Fetty Wap Sentenced to Six Years After Pleading Guilty to Drug Charge

In this Aug. 26, 2019 file photo Fetty Wap arrives at the MTV Video Music Awards at the Prudential Center on in Newark, N.J. (Photo by Charles Sykes/Invision/AP,File)

Fetty Wap, the popular rapper known for his hit song “Trap Queen,” has been handed a six-year prison sentence for his involvement in a drug-trafficking operation based in New York.

The rapper, whose real name is Willie Maxwell, admitted guilt in August 2022 to a drug conspiracy charge that carried a mandatory minimum sentence of five years.

Maxwell expressed remorse for his actions and acknowledged, “Me being selfish in my pride put me in this position today.” His legal team claimed that financial difficulties resulting from the COVID-19 pandemic drove him to engage in drug sales.

Authorities arrested Maxwell in October 2021 on charges related to a plot to transport significant quantities of heroin, fentanyl, and other drugs into the New York City region. The indictment accused him, along with five co-defendants, of conspiring to possess and distribute over 100 kilograms of heroin, fentanyl, and crack cocaine between June 2019 and June 2020.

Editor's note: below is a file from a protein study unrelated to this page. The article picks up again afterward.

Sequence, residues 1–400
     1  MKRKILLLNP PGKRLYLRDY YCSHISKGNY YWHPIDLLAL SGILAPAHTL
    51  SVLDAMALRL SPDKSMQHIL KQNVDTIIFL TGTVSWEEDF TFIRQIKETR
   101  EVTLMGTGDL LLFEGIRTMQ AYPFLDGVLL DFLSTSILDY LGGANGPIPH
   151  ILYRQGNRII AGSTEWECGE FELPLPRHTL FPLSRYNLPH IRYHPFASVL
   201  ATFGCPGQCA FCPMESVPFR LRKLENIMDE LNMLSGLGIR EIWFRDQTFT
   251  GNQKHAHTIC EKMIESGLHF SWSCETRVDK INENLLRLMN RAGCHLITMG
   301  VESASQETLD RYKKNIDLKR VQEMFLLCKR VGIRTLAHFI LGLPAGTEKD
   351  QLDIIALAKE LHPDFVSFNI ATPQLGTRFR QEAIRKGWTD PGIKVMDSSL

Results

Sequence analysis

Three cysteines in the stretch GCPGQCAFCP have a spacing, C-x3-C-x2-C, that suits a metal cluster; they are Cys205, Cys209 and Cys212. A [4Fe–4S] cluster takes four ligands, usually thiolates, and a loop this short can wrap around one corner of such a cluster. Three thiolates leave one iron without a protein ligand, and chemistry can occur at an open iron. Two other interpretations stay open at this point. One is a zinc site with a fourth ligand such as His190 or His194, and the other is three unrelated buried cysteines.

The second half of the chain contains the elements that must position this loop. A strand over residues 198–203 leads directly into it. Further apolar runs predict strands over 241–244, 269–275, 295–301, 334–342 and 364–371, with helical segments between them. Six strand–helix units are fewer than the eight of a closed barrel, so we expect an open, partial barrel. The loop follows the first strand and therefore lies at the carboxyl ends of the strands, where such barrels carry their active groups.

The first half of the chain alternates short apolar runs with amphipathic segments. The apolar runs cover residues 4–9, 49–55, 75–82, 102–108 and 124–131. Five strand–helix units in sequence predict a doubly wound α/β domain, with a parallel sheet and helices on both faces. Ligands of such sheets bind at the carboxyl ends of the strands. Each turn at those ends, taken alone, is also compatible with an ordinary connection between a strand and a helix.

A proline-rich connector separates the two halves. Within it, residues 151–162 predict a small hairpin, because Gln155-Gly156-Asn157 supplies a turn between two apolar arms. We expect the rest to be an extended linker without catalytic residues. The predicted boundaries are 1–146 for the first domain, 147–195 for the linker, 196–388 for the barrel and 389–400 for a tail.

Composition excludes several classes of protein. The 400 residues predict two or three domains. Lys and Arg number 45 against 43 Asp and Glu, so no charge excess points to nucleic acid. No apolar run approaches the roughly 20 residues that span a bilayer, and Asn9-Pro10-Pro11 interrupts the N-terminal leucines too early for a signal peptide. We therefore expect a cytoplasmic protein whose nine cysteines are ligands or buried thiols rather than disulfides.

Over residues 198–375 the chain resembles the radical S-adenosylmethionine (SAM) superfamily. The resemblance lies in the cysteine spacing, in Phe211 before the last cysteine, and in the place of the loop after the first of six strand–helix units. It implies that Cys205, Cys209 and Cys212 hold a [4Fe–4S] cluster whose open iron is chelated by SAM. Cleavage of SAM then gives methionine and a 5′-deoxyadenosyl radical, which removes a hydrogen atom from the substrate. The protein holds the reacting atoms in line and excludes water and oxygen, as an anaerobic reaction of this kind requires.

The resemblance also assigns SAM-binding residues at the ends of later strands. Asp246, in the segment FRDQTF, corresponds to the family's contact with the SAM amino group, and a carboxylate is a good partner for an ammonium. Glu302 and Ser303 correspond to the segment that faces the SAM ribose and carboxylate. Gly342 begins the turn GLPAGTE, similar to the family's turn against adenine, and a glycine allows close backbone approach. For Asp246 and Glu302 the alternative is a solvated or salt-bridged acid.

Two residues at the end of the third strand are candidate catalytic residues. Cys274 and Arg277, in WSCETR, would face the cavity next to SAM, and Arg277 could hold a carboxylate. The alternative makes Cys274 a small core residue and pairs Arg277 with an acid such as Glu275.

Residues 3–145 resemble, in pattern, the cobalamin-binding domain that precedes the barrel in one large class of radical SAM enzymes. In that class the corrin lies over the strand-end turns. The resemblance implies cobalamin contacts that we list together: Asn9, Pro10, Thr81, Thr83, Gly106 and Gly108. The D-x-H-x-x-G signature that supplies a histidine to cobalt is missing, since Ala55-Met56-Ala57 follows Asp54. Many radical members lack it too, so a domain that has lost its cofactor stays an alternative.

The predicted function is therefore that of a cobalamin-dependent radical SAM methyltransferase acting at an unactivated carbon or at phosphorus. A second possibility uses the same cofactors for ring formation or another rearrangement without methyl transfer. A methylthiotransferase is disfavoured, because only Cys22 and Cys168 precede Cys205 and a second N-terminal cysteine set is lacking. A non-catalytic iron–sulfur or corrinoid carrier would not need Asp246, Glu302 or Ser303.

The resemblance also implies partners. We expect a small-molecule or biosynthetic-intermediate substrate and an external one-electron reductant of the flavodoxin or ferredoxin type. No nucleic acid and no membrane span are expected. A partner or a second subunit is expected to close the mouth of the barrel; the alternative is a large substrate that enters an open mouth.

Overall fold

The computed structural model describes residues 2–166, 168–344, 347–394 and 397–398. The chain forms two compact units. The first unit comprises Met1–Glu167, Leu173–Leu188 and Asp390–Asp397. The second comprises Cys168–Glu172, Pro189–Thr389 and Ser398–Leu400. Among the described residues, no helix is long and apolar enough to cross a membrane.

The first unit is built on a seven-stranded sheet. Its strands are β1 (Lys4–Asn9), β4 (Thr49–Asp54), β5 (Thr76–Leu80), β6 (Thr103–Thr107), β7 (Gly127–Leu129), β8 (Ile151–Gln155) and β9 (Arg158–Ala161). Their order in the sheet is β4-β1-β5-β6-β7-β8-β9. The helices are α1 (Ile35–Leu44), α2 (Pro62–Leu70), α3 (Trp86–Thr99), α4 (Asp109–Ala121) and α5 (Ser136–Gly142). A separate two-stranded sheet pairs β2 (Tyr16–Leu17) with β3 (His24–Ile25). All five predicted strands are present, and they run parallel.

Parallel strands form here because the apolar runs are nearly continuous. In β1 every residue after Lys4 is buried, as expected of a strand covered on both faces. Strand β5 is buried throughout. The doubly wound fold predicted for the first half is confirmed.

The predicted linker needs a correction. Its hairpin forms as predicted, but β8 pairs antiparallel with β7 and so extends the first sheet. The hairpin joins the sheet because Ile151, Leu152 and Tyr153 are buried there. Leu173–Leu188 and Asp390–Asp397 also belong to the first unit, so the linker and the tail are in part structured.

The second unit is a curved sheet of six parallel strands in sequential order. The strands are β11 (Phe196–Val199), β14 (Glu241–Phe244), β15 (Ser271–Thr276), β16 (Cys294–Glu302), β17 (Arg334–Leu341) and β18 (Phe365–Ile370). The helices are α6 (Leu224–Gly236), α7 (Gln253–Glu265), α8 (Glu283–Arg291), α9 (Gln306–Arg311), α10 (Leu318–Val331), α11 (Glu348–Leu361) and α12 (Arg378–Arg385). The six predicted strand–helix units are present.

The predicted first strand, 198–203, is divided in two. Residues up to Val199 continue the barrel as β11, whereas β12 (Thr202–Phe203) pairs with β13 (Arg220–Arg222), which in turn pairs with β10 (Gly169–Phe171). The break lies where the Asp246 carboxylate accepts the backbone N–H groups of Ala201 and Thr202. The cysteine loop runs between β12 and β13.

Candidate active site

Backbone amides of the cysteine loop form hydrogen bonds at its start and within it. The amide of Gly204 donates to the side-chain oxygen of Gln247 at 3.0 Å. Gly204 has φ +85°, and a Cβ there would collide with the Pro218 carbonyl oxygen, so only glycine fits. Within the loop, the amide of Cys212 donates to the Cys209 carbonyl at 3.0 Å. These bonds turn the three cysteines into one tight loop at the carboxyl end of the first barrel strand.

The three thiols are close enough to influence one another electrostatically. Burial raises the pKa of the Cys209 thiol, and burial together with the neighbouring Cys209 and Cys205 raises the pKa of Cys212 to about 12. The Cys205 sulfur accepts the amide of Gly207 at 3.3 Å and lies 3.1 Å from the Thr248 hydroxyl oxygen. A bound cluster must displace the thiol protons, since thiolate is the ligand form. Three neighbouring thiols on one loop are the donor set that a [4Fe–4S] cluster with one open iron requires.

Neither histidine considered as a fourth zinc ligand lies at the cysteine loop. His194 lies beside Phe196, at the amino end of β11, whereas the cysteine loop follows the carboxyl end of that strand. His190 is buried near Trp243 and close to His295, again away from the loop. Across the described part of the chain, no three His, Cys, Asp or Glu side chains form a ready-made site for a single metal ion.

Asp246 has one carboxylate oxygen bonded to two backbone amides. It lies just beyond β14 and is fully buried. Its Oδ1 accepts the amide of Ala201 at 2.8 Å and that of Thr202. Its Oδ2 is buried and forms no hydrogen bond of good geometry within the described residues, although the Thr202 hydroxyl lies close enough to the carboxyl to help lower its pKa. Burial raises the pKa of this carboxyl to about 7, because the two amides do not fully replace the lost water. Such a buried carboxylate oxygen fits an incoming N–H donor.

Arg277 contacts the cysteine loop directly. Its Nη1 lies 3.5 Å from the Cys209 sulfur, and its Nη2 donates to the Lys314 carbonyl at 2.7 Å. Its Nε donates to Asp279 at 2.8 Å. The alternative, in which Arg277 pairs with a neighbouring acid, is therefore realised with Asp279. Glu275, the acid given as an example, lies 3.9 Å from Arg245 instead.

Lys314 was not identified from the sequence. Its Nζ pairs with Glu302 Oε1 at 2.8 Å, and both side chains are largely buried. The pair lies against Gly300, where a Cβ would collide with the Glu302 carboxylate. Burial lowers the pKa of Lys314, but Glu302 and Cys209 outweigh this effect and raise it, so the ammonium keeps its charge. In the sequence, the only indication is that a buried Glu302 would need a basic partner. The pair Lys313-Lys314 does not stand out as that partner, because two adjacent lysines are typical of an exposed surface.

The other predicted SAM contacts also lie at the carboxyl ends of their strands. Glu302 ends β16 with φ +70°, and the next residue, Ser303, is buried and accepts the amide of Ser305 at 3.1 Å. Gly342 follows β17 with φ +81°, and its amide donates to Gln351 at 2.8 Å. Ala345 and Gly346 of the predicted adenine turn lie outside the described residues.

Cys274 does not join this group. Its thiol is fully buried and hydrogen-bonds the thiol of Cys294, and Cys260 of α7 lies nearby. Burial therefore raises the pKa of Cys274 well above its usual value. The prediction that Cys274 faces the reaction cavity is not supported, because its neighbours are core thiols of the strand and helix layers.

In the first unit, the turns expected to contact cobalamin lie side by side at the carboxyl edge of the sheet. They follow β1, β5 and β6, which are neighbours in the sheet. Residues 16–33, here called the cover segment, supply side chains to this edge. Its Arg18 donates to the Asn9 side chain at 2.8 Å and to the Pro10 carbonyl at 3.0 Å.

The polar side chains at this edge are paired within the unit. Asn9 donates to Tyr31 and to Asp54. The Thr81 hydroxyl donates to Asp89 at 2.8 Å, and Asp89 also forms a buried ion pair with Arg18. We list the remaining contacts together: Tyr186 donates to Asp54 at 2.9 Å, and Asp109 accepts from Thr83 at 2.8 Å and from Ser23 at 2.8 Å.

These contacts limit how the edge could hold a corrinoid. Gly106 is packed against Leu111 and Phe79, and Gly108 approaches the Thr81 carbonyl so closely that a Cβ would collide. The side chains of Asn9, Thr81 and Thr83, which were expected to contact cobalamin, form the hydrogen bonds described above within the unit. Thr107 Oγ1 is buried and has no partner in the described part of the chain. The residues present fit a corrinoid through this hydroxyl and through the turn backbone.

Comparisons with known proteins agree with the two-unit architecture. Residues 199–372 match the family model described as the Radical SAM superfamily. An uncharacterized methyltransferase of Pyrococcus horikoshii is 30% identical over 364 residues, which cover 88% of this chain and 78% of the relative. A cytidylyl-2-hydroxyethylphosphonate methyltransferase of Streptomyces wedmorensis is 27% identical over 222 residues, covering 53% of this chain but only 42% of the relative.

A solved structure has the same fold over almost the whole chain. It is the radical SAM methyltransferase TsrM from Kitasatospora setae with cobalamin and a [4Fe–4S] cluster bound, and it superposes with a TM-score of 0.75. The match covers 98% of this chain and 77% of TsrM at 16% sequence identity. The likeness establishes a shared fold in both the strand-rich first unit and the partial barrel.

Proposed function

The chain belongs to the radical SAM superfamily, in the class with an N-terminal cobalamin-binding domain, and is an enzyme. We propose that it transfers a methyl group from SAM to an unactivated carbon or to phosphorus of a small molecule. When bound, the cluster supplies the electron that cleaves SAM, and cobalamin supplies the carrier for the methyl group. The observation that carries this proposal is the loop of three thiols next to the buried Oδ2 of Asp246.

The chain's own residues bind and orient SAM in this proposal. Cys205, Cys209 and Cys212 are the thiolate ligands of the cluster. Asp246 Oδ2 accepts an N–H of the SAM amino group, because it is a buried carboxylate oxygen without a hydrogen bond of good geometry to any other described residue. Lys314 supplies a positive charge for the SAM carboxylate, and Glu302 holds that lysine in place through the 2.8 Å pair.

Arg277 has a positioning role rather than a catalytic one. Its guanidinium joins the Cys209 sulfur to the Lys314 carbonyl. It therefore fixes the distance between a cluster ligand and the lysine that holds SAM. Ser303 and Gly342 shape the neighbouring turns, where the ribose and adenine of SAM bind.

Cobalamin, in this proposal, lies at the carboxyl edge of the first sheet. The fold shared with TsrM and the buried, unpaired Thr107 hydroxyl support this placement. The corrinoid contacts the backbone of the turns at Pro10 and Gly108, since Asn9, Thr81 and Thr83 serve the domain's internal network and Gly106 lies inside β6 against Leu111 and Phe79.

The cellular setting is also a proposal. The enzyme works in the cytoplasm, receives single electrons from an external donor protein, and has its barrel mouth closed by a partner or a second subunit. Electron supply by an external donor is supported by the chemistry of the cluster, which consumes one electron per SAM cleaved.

According to prosecutors, the scheme involved utilizing the U.S. Postal Service and vehicles with concealed compartments to transport drugs from the West Coast to Long Island, where they were stored for distribution to dealers in Long Island and New Jersey.

Maxwell pleaded guilty to the top charge of conspiracy to distribute and possess controlled substances listed in the indictment, specifically referring to cocaine. This plea saved him from the possibility of a life sentence if convicted on all charges.

While Maxwell’s lawyers aimed for the minimum sentence of five years, the prosecution sought a longer term.

Defense attorney Elizabeth Macedonio expressed her sadness, stating, “This is a sad day. This is a kid from Paterson, New Jersey who made it out.”

Assistant United States Attorney Christopher Caffarone emphasized that the case was not about Maxwell’s fame as an artist. “The defendant did actually sell drugs,” said Caffarone. “The defendant did actually sell cocaine.”

Judge Joanna Seybert said to Maxwell, “You’ve got a lot going for you, see if you can put it together.”

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